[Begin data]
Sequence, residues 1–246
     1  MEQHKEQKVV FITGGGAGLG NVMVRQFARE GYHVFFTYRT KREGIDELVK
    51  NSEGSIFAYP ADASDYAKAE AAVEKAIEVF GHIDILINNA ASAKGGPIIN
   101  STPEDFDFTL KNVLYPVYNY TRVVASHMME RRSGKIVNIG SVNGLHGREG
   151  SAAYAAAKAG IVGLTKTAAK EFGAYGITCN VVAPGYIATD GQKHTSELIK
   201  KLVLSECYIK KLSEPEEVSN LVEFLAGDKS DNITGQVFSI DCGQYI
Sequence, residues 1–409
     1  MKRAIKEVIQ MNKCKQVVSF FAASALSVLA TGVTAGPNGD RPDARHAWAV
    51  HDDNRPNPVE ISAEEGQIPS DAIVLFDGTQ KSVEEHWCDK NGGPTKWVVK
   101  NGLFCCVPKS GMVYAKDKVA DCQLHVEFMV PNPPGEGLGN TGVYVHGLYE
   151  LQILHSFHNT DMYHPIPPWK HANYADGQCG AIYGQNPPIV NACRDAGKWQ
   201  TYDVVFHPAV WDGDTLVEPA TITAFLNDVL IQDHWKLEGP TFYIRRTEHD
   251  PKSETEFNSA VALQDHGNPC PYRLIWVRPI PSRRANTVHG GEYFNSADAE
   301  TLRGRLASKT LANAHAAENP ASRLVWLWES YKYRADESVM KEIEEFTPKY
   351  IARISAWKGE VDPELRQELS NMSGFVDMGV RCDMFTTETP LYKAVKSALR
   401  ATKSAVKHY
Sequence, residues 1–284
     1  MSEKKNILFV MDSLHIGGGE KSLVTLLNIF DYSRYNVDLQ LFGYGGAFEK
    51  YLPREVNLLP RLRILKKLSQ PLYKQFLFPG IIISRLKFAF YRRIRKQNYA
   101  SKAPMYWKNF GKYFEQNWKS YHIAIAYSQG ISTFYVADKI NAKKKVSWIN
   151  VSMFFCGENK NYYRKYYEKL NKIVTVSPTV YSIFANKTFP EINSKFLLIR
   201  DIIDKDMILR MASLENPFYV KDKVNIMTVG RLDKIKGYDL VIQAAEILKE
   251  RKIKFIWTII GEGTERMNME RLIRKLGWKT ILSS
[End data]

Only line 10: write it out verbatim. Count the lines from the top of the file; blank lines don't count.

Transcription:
   101  NGLFCCVPKS GMVYAKDKVA DCQLHVEFMV PNPPGEGLGN TGVYVHGLYE